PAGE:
Well, this is a very severe complication of hemophilia, and sometimes you don’t think of this as being a life-threatening injury, but it is a limb-threatening injury. A lot of these patients will have had a bleed by the time they reach 4 years old, and as they get older, they begin to develop significant joint problems and degenerative changes that occur as a result of these hemarthroses, so I want to find out if this person has had previous episodes of bleeding; I want to find out how much factor they normally take after their injury, and that may guide some of my therapy; and did they take factor immediately after the injury and right before coming in. Most importantly, I want to find out who manages this patient, who their hematologist is, because I don’t want to necessarily try to do this by myself. I really want to be able to get the hematologist involved so we can come up with the appropriate dosing for this particular patient.
There are a couple of different scenarios that you run into. If somebody has hemophilia A or hemophilia B without an inhibitor, I’m going to treat them with factor VIII or factor IX. If the person has hemophilia A without an inhibitor but they are on prophylactic immune therapy, such as emicizumab, I’m still going to have to treat them with an additional agent and give them their factor VIII or factor IX, because although this is good prophylaxis, it doesn’t completely replace the need for factor. If the person has hemophilia A with an inhibitor, I can’t really give them factor VIII or factor IX. I’m going to have to give them something like FEIBA, factor VIII inhibitor bypassing activity—which another way of thinking about that is activated PCC–and that bypasses the need for factor VIII, or I can give them factor VII—we know that as Novo 7—and that will initiate a thrombin burst. If the person has an inhibitor and is on emicizumab, again, as I said before, even though that is a good prophylactic agent, they still need to be treated with either factor VIII or inhibitor bypassing activity or factor VII. And I could come up with a way of calculating my doses, and that’s something that… if you need to do that, that’s something that’s readily available to look up.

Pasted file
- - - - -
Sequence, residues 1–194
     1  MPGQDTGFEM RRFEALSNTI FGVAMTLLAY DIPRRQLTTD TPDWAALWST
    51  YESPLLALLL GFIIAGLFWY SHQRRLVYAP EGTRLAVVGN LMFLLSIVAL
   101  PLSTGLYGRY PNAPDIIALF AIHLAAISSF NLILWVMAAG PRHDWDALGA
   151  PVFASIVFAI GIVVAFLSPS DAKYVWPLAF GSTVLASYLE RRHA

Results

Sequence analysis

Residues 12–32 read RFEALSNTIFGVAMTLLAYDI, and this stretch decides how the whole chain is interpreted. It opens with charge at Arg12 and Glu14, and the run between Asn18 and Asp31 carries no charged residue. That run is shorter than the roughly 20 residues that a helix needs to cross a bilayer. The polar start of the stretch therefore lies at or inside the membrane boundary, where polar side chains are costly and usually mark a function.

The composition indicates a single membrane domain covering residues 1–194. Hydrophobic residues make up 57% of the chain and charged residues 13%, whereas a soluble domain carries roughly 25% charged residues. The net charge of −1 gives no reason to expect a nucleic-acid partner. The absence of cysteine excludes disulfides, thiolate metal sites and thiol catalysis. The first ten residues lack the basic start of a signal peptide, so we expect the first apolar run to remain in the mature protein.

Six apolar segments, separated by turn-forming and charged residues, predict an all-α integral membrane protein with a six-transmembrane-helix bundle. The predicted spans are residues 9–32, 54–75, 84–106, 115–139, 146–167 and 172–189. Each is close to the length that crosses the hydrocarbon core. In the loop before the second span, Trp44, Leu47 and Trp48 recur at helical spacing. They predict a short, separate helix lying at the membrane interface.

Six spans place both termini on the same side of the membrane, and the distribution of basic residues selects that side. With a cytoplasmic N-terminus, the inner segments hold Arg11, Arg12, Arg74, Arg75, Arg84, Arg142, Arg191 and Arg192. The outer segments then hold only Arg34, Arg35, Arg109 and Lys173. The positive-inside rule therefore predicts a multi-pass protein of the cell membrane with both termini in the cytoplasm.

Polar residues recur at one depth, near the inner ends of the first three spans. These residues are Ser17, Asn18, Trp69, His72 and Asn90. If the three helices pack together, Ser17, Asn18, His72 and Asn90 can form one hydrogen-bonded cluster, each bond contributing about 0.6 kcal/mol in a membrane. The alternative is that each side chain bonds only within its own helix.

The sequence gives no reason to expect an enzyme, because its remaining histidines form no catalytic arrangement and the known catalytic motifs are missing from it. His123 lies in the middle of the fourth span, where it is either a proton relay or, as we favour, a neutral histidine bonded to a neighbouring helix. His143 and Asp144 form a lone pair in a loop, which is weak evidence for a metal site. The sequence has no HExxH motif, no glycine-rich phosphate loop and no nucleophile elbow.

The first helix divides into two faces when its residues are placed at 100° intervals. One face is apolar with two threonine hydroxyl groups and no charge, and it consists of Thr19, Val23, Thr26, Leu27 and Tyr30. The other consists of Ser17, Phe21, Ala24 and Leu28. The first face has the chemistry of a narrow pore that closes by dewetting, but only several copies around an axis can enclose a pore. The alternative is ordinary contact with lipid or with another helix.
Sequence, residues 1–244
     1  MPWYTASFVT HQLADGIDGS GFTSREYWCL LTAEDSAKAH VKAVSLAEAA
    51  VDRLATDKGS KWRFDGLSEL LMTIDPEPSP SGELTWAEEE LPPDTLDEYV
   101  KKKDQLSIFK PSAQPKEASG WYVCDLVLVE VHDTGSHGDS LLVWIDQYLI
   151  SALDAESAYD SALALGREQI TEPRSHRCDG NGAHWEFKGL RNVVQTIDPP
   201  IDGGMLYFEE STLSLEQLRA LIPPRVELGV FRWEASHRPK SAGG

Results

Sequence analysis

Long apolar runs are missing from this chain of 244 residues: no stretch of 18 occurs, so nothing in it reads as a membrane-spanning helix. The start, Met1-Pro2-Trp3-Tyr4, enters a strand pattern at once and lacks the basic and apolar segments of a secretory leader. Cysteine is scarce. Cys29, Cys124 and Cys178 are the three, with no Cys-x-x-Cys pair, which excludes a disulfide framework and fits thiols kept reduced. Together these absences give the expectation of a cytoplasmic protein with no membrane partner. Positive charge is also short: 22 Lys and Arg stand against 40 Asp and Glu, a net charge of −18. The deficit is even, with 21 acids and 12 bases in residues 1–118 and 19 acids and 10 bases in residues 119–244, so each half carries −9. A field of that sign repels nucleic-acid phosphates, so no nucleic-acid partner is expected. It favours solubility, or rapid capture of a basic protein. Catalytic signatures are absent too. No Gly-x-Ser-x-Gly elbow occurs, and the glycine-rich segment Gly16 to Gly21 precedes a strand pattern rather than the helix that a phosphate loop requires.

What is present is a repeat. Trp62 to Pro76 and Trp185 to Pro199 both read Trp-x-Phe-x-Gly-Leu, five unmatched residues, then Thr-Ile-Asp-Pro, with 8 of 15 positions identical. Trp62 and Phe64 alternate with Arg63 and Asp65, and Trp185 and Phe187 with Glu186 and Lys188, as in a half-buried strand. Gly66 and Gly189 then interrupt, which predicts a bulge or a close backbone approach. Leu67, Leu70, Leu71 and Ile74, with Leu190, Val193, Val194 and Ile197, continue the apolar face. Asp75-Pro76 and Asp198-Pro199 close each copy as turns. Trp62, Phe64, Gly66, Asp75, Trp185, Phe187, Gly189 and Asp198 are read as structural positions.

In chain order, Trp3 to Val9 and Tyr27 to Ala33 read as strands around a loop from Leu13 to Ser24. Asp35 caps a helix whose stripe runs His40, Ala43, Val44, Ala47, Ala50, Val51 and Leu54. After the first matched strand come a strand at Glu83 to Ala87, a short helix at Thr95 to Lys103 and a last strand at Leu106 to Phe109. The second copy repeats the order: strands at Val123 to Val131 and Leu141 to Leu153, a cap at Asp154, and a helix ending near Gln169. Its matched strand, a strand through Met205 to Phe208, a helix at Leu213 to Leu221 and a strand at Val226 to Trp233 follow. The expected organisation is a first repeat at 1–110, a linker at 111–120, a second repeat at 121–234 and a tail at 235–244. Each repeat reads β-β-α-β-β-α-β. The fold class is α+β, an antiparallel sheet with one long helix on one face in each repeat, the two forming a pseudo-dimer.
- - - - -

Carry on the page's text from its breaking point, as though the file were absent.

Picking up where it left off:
Well, let’s change that scenario and say the patient comes in after a major trauma and the patient has a severe, life-threatening bleed. How does that change your approach, Dr. Kaide?